Why I have moved over to Adobe Premiere CS6 from Final Cut 7

30
Sep
2012
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ETHICS STATEMENT: I have not been paid by Adobe to use Premiere. I have all the main NLEs and I have been BETA testing CS6 for a few months. The improvements as detailed below convinced me to go with the CS6. I have no financial relationship with Adobe. Read more on my ethics statement here.

 

I learnt to edit tape to tape about 16 years ago at Sky News whilst working as a News Cameraman. It made my camerawork SO much better. It was a great way to learn to edit. No “Apple Z” – you had to make hard decisions and stick with them. You also had to be FAST. First time I cut my own work, I said “Who the f*** shot this?!” :) I didn’t hold shots long enough, didn’t get enough coverage…etc, etc. Knowing how to edit makes you a better shooter. Fact.

My first editing experience on an NLE (Non Linear Editor) was Final Cut Pro 1. I used this for personal stuff on my Mac. It was fun and very freeing. I loved it and could afford it! At work I trained up on Avid Newscutter and Media Composer. It felt very natural and easy too. I loved it. Way better than FCP 1 but very expensive.

When I went freelance 6 and a half years ago, I invested in Final Cut Studio as it was the most affordable editing solution for me. I knew it well and Avid was still too expensive for me and (at the time) needed additional hardware. Once I made that investment, I stuck with it and used Final Cut Pro 7 very happily ever since then.

Now, I love Final Cut. I am incredibly fast on it and I can almost edit blindfolded. But for over 3 years it stayed stuck where it was. It didn’t use the hardware of my fancy new Macbook Pros or iMacs or Mac Pros. It barely used any of my system’s memory. It stayed at 32 bit. Speed performance just stayed where it was. It was frustrating. I desperately wanted a Final Cut Studio 4. It didn’t come.

Last year Apple came out with FCPX. A revolutionary editing system that is very progressive and bold. But it didn’t and still doesn’t do a lot of what I want. I bought it, tried it and went back to 7. It is getting better and better though. I have friends who use it and like it. I am sure I will give it another try at some point. The problem is that, when it came out, it simply was not a replacement for FCP 7. Just a different way of editing, I wanted FCP 8 essentially.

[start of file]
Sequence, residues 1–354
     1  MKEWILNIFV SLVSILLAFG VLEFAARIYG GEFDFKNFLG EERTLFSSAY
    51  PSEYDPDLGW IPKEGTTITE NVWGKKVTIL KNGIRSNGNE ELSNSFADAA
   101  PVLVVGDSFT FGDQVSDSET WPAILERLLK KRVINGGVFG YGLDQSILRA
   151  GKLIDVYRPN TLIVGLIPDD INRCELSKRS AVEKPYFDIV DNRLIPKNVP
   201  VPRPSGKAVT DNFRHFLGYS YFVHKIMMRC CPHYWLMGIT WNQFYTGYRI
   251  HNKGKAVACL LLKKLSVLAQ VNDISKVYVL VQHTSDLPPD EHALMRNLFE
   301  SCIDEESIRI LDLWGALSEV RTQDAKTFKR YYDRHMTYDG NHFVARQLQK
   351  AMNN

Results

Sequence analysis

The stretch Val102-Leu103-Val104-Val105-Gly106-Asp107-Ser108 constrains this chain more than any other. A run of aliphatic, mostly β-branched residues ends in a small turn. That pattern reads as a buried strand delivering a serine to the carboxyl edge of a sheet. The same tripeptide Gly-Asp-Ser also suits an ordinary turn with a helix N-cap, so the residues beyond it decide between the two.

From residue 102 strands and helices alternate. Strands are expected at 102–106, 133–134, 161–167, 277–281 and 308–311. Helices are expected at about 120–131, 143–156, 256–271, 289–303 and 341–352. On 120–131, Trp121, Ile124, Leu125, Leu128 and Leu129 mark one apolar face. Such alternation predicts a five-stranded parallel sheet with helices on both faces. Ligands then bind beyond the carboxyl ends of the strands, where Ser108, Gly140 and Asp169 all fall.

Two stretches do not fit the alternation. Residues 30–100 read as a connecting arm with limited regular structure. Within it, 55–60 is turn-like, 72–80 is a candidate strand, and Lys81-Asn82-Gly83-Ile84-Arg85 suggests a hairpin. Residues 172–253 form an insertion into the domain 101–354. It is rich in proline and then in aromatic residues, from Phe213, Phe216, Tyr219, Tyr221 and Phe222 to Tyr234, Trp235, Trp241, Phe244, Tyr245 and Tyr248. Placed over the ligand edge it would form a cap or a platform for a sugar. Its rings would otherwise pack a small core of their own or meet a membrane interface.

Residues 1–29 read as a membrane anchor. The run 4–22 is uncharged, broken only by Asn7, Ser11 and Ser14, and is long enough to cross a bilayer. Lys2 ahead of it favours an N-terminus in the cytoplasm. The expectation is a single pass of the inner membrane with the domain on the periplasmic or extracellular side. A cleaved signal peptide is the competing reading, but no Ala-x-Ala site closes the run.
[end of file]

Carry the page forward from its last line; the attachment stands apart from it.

So I messed around with the Avid MC5.5 and now 6. MC6 is a huge improvement and is one of the best editing platforms out there. Keeping up to speed on it for me is essential, even though it is not something I use professionally right now. It’s fast, stable and easy to use, and the price has crashed down since I first went freelance. MC6 finally opening up to 3rd party plug ins is a huge step for it.

I tested out Premiere CS5.5 last year and found its interface clunky and unattractive but with nice features. It wasn’t for me. Especially as without an Nvidia card I wasn’t getting the full speed benefits of the Mercury Playback Engine.

When I was offered the chance to BETA test CS6 I jumped at it. This was about 6 months ago and I was still using FCP 7 after trying the other systems as described above and needed to find a replacement I was happy with. It’s not that FCP7 was getting slower for me, I just knew I could work a lot faster than it was letting me.

Since getting CS6, I have been sinking my teeth into it and found it incredibly rewarding and exactly what I needed FCP to become. It’s also better for mac users without Nvidia cards as the Open CL means we can get the Mercury Engine working on non-Nvidia graphics cards. Multi-format timelines with NO TRANSCODING? Brilliant! I can even mix 24p and 25p on the same timeline. One of the projects I am editing currently is a documentary with epic, F3, a f100,5dmk2 footage all on the same timeline, all native. It works. Yeah the 5k stuff struggles on my laptop and I have to drop resolution, but you can do it. The rest of the stuff works beautifully.

In some ways I miss editing on Final Cut, and in other ways I don’t. I am not as fast or confident with CS6 yet but I am getting there… Does this mean I won’t still keep checking out Final Cut X? Of course not. I am always watching what is going on. For now, CS6 is the best editing system for me. Is it for you? Maybe. I cannot say! It depends on your needs! FCP X is revolutionary in its design and will I am sure become a great platform. MC6 is a powerhouse and used all over the industry. CS6 though, and in particular with the production premium suite, gives you integration with After Effects and much more. Premiere CS6 on its own is incredible for me. With the integration, again for me, it cannot be beaten. I am using it, loving it and very importantly I save so much time now. My computers are being used to their max and finally I have software that has caught up to my hardware.

You can read more about my experiences in this interview that was original published on provideo coalition below.